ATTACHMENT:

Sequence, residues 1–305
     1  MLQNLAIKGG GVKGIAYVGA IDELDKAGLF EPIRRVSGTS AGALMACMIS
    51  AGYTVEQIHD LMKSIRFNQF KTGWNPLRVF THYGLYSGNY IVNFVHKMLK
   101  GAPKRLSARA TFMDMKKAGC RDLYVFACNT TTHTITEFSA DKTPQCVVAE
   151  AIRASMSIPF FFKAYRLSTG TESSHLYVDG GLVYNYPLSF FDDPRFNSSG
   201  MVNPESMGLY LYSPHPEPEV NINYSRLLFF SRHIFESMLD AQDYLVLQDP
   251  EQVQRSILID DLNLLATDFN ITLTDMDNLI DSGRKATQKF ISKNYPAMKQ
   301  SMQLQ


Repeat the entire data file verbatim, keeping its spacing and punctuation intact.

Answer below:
Sequence, residues 1–305
     1  MLQNLAIKGG GVKGIAYVGA IDELDKAGLF EPIRRVSGTS AGALMACMIS
    51  AGYTVEQIHD LMKSIRFNQF KTGWNPLRVF THYGLYSGNY IVNFVHKMLK
   101  GAPKRLSARA TFMDMKKAGC RDLYVFACNT TTHTITEFSA DKTPQCVVAE
   151  AIRASMSIPF FFKAYRLSTG TESSHLYVDG GLVYNYPLSF FDDPRFNSSG
   201  MVNPESMGLY LYSPHPEPEV NINYSRLLFF SRHIFESMLD AQDYLVLQDP
   251  EQVQRSILID DLNLLATDFN ITLTDMDNLI DSGRKATQKF ISKNYPAMKQ
   301  SMQLQ